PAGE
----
5 Risk Factors Associated with Falls in Seniors


Every year, two million adults over the age of 65 are treated in emergency rooms around the country for fall-related injuries. While a reduction in coordination, balance and even vision can increase the risk of falls, many falls are caused by easily preventable environmental factors. Let’s look at five of the leading causes of falls and ways to make your home safer by reducing these risk factors.

Loose or Sliding Rugs or Mats
Seniors may be more apt to trip and fall on rugs that slide or on throw carpets where the corners turn up. Make sure all mats lie flat on the ground. There are a number of ways to improve the safety of throw rugs.

  • Remove any throw rugs that could prevent a fall hazard.
  • Use non-slip backing on all throw rugs.
  • Secure area rugs with carpet tacks or double-sided tape.

Power Cords
Make sure all power cords run along the wall to an outlet. You might even tape the cords so they stay against the wall. If you’re using fans as temperatures heat up, duct tape power cords to the floor if they must run across the middle of a room.

Wet Surfaces
Wet surfaces, especially in the bathroom, can create a fall hazard for seniors. Place throw rugs with non-skid backings in front of the bathtub, bathroom sink and kitchen sink, which are areas most likely to get wet.

As April showers bring slippery floors and muddy shoes, place a rubber mat with non-skid backing in the entryway. Encourage seniors to take off their shoes, which may be slippery, when they first enter the home.

Low Lighting
As we age, our eyes may not adapt as easily to the dark. Lights on motion sensors can help seniors from falling, while keeping electric bills low. Make sure entryways, hallways and staircases, especially, are well-lighted.

If you don’t want to upgrade to motion sensor lights, replace regular bulbs with energy-efficient LEDs and add dimmer switches. Keep lights on a low setting all night to improve visibility during trips to the bathroom or kitchen.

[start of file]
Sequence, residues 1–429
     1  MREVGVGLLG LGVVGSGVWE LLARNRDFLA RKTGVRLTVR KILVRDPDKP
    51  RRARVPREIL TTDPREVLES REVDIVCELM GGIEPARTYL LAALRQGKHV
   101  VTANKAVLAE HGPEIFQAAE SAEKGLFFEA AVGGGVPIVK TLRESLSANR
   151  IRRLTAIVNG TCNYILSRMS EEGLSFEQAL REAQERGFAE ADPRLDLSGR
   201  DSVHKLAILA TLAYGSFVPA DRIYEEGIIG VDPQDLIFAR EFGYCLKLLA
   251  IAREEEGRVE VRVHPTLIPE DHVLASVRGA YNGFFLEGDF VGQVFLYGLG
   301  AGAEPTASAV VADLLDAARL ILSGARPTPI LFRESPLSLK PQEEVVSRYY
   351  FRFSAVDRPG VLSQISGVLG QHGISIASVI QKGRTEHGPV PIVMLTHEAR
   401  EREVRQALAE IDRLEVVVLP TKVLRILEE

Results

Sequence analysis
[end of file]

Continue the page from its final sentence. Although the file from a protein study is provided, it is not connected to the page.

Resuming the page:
Light switches placed at both the top and bottom of stairs can help seniors if lights are not on motion sensors.

Consider lighting in the bedroom, too. If there is no easy way to turn on a light from bed, since seniors often awake before sunrise, place a lamp next to the bed or add a nightlight to the room.

Obviously, make sure furniture is not placed where it may be a fall hazard. If a senior you love continuously trips over the coffee table, even if it’s been in the same spot for the past 10 years, it’s time to move it. In general, seniors should not have to walk around furniture to get to a destination, since tripping over furniture is a leading cause of falls.

Additionally, make sure any furniture a senior may lean on for support is secure. Make sure bookcases and other top-heavy furniture pieces are anchored to the wall.

Re-vamp the Home for Spring
Spring is a time for renewal and cleaning. While you’re cleaning, take a few minutes to evaluate your home’s safety and make any necessary changes with these five risk factors for falls in mind.

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